Today, the Supreme Court heard oral arguments in two related cases that may have a significant impact on litigation against federal agencies – Loper Bright Enterprises v. Raimondo and Relentless v. Department of Commerce. The Court’s ruling could decide the fate of Chevron deference, a cornerstone of American administrative law. A series of cases in recent years have signaled that the Court is likely ready to move away from Chevron deference. And today, the justices’ questions indicate that the Court will almost certainly narrow Chevron or overturn it entirely, paving the way for an influx of challenges to decisions made by federal agencies, including FDA.
The Court’s more conservative justices seemed largely unpersuaded by the Solicitor General’s arguments for maintaining some form of Chevron deference. Justices Gorsuch, Kavanaugh, and Alito questioned the doctrine’s real-world workability, its impacts on legal stability and uniformity, and even its constitutionality.
The Court’s more liberal justices framed the debate as a choice between delegating interpretive authority to Agency experts, who are ultimately accountable to the public through the next presidential election, and unelected judges, who are usually appointed for life. In fact, Justice Brown Jackson went so far as expressing concern about judges becoming “uber-legislators” in the absence of Chevron deference. Perhaps seeking a compromise position, Justices Kagan and Sotomayor advocated for a clearer definition of “ambiguity” under Chevron’s step one, so that courts would have clearer guidance on which cases should proceed to step two of the Chevron analysis.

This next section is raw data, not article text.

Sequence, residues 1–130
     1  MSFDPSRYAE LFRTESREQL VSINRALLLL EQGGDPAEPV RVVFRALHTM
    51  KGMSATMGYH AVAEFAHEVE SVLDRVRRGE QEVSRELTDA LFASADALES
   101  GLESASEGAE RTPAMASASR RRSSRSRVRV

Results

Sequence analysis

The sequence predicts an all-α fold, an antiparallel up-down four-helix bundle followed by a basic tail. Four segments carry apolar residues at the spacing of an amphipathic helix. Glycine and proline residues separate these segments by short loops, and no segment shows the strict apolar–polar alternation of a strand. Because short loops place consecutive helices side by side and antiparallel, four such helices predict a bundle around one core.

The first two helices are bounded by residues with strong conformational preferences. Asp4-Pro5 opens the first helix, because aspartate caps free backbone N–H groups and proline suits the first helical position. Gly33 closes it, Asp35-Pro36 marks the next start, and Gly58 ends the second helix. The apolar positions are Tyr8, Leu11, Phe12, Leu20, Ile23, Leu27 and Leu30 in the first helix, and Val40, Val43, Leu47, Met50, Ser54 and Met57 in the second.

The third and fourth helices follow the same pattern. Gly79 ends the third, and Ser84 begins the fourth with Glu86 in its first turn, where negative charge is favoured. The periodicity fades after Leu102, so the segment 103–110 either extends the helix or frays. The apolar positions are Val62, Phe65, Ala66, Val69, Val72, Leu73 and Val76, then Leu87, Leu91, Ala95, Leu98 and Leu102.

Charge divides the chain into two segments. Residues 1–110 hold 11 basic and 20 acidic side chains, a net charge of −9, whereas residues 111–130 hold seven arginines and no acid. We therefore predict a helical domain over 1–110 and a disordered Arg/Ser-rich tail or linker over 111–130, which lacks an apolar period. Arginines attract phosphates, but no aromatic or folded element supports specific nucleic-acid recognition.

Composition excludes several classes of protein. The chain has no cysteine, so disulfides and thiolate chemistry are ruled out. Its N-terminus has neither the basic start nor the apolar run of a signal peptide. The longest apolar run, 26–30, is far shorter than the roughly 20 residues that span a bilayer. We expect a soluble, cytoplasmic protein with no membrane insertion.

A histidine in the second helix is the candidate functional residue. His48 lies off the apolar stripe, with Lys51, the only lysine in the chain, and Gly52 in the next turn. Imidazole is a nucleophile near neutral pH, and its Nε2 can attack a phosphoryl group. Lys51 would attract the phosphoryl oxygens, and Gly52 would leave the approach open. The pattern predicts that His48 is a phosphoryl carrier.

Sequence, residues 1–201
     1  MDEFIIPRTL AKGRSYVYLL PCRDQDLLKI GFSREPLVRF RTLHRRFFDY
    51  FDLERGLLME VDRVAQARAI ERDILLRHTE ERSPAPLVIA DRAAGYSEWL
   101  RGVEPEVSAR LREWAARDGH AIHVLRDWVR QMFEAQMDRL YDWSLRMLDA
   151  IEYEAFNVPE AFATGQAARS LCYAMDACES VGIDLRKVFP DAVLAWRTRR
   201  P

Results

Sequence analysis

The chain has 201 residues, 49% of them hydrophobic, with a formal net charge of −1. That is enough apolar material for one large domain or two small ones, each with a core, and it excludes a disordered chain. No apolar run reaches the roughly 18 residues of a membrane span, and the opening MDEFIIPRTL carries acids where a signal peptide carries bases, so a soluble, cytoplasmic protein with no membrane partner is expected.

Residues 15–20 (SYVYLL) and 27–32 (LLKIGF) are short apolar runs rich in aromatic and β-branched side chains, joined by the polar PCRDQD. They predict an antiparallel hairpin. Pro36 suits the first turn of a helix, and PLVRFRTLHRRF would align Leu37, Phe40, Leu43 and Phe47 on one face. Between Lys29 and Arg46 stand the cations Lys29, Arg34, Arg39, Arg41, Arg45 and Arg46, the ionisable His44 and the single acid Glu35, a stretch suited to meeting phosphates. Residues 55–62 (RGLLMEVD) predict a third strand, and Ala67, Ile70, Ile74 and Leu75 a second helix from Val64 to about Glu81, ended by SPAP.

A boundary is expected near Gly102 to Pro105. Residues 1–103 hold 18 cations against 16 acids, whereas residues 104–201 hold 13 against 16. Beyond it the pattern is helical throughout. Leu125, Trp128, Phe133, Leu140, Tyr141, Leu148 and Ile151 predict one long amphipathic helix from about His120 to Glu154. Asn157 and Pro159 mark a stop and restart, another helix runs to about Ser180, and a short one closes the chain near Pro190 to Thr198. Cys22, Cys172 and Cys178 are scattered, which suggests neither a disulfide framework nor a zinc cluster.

Both liberal and conservative justices grappled with what it would look like to “Kisor-ize” Chevron. That would require the Court to determine whether there is a genuine statutory ambiguity by exhausting all the standard tools of statutory interpretation before proceeding to Chevron step two. But, as Justice Alito noted, courts in cases not involving an agency interpretation cannot exhaust the tools of statutory interpretation and then defer to another authority; they must always find a landing spot after applying the statutory interpretation tools.
Notably, both the Court’s more liberal justices and the Solicitor General suggested placing more emphasis on whether there was truly a statutory ambiguity in Chevron’s step one, tacitly acknowledging that the Chevron analysis is likely to at least be modified, if not overturned entirely. Justice Coney Barrett’s questions suggested that she is more skeptical of abandoning Chevron entirely compared to some of her conservative colleagues.
In today’s oral arguments, the justices’ questions indicate that many are – at a minimum – skeptical about the continued viability of Chevron deference. It seems that even Chevron proponents recognize that judges should take a more active role in interpreting statutes and limit broad deference to agency interpretations.
As the Supreme Court prepares to narrow or eliminate the Chevron doctrine, a decision in these cases will likely define how administrative agencies function over the coming decades. An outcome that narrows or eliminates Chevron deference will undoubtedly lead to an uptick in litigation challenges and greater scrutiny of administrative decisions.